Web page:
"The World Game"--Buckminster Fuller
“Make the world work, for 100% of humanity, in the shortest possible time, through spontaneous cooperation, without ecological offense or the disadvantage of anyone.”
This was the challenge proposed in the 1960's by Buckminster Fuller in his World Game.
R. Buckminster Fuller was a 20th century inventor and visionary who did not limit himself to one field but worked as a 'comprehensive anticipatory design scientist' to solve global problems, https://www.bfi.org.
The World Game that Fuller envisioned was to be a place where individuals or teams of people came and competed, or cooperated, to achieve that goal.
In 2007 The Buckminster Fuller Challenge Prize program reintroduced Bucky’s vision. Over the program’s ten-year history (2007-2017) the Fuller Challenge attracted thousands of initiatives from across the globe, tackling every conceivable issue facing humanity and the planet today. The projects included demonstrate that design can and must be applied to every aspect of the global system, and reveal a groundswell of successful solutions to our most complex and urgent problems.
Buckminster Fuller put it in stark relief with this famous question: Are we heading toward Utopia or Oblivion? He challenged his contemporaries to creatively respond to the urgency of this moment by re-framing the crisis as an opportunity pointing to humanity’s “option to make it – to live successfully without compromising the ability for all of life to thrive.”
Fuller demonstrated through his research and design practice that the resources needed for all forms of life on the planet to live in relative peace and prosperity exist. Creatively deployed, these resources are more than enough to raise the standard of living for everybody.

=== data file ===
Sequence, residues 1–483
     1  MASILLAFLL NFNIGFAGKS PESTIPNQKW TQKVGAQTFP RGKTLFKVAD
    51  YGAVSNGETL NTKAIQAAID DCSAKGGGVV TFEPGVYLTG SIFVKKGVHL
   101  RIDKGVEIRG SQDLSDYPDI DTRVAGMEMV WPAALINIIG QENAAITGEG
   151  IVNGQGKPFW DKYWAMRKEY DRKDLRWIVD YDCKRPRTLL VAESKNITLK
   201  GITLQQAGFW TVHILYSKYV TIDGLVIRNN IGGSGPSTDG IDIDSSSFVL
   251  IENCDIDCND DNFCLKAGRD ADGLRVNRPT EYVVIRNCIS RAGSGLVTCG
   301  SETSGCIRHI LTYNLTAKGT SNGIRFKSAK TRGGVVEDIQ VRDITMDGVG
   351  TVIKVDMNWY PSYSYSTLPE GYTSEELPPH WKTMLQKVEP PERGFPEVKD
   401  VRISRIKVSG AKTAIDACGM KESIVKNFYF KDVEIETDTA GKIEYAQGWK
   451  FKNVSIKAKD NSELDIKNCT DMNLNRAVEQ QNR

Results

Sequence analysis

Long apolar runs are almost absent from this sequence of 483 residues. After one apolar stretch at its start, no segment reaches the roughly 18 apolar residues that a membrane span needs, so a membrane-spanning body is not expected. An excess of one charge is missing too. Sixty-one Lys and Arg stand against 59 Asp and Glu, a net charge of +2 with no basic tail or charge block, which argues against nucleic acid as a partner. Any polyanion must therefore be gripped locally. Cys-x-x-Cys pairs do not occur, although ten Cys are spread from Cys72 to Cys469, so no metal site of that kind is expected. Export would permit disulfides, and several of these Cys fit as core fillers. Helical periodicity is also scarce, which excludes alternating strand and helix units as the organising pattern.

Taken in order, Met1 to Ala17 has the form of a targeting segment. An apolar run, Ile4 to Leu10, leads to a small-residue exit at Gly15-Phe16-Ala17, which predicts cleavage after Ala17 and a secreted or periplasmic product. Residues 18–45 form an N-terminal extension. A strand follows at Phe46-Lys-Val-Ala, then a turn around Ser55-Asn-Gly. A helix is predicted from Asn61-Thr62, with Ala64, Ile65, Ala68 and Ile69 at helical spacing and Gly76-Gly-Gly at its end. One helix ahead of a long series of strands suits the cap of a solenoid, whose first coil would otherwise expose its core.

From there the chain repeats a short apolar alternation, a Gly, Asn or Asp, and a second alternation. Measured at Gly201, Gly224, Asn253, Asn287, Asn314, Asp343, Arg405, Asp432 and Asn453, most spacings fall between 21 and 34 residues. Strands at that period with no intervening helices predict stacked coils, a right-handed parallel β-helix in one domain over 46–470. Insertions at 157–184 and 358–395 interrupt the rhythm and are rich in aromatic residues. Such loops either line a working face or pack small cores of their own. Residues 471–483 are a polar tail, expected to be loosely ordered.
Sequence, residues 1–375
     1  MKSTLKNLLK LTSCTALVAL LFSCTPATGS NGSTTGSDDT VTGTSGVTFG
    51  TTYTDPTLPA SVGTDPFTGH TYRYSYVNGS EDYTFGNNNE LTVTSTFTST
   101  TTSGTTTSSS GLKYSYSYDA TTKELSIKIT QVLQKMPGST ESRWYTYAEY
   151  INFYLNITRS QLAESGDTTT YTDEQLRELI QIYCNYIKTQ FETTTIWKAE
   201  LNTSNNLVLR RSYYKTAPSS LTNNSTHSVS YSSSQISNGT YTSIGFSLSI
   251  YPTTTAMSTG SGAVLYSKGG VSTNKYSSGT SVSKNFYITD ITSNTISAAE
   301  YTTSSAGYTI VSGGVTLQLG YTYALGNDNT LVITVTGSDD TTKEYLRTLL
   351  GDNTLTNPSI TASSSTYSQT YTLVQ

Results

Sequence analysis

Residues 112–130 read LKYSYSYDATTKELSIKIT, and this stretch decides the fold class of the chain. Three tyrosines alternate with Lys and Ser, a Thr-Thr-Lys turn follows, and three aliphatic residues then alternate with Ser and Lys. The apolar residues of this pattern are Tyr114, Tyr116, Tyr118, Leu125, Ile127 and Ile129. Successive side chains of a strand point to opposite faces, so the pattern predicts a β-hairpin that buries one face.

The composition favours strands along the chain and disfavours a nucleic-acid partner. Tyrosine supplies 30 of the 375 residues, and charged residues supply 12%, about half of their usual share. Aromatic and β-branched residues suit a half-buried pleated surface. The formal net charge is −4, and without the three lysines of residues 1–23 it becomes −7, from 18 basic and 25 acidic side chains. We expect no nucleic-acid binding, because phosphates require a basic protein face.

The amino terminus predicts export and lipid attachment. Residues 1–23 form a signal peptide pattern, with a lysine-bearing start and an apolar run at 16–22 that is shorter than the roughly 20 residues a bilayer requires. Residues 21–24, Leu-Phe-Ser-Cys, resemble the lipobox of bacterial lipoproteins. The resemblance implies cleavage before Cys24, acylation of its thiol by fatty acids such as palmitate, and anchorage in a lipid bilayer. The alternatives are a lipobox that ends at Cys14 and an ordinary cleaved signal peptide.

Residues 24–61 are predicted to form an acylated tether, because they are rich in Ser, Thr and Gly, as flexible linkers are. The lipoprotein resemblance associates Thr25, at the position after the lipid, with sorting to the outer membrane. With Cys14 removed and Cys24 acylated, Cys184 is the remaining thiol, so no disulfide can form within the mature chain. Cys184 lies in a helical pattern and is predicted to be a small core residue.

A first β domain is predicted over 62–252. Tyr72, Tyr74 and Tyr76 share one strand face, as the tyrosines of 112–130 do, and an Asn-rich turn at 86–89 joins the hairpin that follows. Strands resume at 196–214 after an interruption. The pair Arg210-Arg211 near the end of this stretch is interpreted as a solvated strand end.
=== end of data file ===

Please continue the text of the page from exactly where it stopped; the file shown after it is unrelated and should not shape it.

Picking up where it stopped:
He called for a revolution by design –not political or military - but a revolution driven by the problem-solving creativity of design combined with the empirical demands of science.
Fuller’s practice took a comprehensive approach, starting with the whole; anticipating future trends and needs; employing the scientific method; and aligned with nature’s operating principles. He saw that this way of thinking and doing was to be the future of design. He called his practice design science. And in the 1960’s he launched the Design Science Revolution with an open call to the world’s creative communities “to make the world work for 100% of humanity in the shortest possible time, through spontaneous cooperation, without ecological offense or the disadvantage of anyone.”